Jane Burigsay
Courtesy: Social Security Administration

Social Security’s disability program is an important part of our obligation to wounded warriors and their families.

Social Security is a resource for military members returning home with injuries. If you know any wounded veterans, please let them know about Social Security’s Wounded Warriors website: www.socialsecurity.gov/woundedwarriors.

The Wounded Warriors website answers many commonly asked questions and also provides useful information about disability benefits, including how veterans can receive expedited processing of disability claims. Benefits available through Social Security are different than those offered by the Department of Veterans Affairs and require a separate application.

The expedited process is used for military service members who become disabled while on active military service on or after Oct. 1, 2001, regardless of where the disability occured.

Even active duty military who continue to receive pay while in a hospital or on medical leave should consider applying for disability benefits if they’re unable to work due to a disabling condition. Active duty status and receipt of military pay doesn’t necessarily prevent payment of Social Security disability benefits. Although a person cannot receive Social Security disability benefits while engaging in substantial work for pay or profit, receipt of military payments should never stop someone from applying for disability benefits from Social Security.

Social Security honors our veterans and active duty military members every day by giving them the respect they deserve. Let these heroes know they can count on us when they need to take advantage of their earned benefits. Our webpages are easy to share with your friends and family on social media and by email.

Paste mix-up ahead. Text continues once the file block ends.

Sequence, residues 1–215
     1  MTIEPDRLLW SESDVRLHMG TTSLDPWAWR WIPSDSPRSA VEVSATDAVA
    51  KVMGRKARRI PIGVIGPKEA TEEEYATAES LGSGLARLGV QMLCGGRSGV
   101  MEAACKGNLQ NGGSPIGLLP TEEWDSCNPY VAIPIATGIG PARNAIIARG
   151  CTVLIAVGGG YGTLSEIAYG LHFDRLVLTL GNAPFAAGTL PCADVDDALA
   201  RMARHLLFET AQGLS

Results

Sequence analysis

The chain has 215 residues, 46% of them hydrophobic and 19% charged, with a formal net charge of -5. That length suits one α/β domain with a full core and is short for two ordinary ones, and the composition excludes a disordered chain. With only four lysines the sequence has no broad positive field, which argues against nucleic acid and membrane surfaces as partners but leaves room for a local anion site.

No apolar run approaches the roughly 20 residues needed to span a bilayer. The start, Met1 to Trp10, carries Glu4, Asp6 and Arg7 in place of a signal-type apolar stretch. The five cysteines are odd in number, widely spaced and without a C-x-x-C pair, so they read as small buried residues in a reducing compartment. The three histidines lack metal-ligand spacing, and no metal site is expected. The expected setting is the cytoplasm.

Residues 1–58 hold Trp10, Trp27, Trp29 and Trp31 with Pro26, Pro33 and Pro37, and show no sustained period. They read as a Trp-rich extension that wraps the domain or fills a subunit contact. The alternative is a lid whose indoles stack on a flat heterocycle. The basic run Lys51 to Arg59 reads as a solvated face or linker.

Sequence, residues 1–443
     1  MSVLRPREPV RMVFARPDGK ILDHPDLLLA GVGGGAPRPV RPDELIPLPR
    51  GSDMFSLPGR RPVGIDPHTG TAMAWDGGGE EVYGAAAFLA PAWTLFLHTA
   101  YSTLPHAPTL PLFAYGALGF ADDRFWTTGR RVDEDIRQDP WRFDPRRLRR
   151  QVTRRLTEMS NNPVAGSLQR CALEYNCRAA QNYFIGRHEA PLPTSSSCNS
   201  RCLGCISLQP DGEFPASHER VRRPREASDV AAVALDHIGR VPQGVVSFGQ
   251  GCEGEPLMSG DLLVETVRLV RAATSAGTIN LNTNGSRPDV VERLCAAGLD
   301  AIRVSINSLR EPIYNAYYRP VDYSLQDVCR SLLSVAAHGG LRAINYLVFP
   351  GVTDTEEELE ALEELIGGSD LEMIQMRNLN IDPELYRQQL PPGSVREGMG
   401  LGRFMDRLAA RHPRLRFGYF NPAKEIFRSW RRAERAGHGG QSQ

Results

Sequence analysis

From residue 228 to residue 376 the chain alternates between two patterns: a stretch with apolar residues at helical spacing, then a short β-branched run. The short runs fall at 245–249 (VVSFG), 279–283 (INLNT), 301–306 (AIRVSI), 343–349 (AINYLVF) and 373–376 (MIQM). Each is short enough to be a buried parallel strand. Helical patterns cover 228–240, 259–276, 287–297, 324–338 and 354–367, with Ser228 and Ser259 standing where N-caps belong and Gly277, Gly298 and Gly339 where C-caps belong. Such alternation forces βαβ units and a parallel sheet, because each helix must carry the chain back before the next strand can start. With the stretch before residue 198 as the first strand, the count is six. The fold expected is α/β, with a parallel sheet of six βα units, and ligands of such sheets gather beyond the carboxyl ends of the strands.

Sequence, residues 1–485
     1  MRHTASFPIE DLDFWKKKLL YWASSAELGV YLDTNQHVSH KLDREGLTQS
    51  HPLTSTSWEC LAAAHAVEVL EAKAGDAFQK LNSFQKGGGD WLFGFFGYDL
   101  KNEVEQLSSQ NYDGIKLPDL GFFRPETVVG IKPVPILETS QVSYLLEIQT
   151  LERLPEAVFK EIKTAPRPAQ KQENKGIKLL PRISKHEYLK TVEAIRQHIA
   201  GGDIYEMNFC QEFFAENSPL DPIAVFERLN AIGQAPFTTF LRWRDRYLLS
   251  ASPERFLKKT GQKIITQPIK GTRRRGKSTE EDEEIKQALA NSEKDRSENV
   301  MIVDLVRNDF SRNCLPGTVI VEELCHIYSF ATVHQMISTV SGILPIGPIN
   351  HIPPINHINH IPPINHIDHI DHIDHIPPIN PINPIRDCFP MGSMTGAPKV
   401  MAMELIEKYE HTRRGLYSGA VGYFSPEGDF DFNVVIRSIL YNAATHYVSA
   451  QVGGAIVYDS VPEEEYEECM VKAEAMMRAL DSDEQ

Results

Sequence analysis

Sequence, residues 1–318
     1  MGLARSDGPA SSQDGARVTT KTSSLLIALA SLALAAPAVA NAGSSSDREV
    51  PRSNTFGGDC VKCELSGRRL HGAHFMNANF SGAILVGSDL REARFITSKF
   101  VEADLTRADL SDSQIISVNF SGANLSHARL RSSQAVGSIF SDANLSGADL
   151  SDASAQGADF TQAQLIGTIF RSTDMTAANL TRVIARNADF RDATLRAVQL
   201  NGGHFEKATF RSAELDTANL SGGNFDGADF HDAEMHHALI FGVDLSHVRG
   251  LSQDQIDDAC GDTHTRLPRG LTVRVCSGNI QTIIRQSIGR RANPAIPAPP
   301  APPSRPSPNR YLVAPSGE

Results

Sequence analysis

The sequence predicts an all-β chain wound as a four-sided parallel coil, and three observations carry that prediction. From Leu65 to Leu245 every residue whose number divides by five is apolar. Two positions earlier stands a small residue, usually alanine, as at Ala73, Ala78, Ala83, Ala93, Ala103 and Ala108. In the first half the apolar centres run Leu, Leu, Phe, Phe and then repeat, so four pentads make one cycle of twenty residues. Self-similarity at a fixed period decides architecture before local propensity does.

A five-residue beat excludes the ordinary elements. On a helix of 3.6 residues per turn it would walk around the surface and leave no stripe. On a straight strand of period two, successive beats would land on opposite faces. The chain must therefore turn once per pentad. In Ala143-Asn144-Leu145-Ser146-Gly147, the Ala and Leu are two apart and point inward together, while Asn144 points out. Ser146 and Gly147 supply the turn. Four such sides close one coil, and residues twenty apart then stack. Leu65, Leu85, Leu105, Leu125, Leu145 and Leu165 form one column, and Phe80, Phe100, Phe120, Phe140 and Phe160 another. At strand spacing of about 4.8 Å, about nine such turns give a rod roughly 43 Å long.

Why Social Security is Important for Women

More women work, pay Social Security taxes and earn credit toward monthly retirement income than at any other time in our nation’s history. Yet, on average, women face greater economic challenges than men in retirement.

Nearly 55 percent of the people receiving Social Security benefits are women. Women generally live longer than men while often having lower lifetime earnings. And, women usually reach retirement with smaller pensions and other assets compared to men. For these three key reasons, Social Security is vitally important to women.

You could be eligible for your own benefits if you worked and paid taxes into the Social Security system for at least 10 years and have earned a minimum of 40 work credits.

Once you reach age 62, you could be eligible for your own Social Security benefit, regardless of whether you are married or not and whether your spouse collects Social Security or not. If you’re eligible and apply for benefits on more than one work record, you generally receive the higher benefit amount.

The sooner you start planning for retirement, the better off you will be. We have specific information for women at www.socialsecurity.gov/people/women. Email or post this link to friends and family you love.

SAVE time by using my social security

Time is one of our most valuable commodities — which is why we are constantly improving our online Social Security resources to make doing business with us easier and faster.

With a my Social Security account, those receiving benefits can change their address and direct deposit information; get proof of their benefits; and request replacement documents, like a Medicare card. If you aren’t currently receiving benefits, you can check your earnings record, get estimates of your future benefits and view your Social Security Statement. In many states, you can even request a replacement Social Security card online. See everything you can do with a my Social Security account and open one today at www.socialsecurity.gov/myaccount.

You don’t need a my Social Security account to:

• Select or change the way you receive information from Social Security if you are blind or visually impaired at www.socialsecurity.gov/people/blind.

• Block electronic and automated telephone access to your personal information at www.socialsecurity.gov/blockaccess.

• Apply for extra help with your Medicare prescription drug plan costs at www.socialsecurity.gov/extrahelp.

Be sure to share my Social Security with friends and family. By freeing up their time, they may plan on spending more of their valuable time with the people they love.

Jane Burigsay is Social Security’s public affairs specialist in Hawai‘i.


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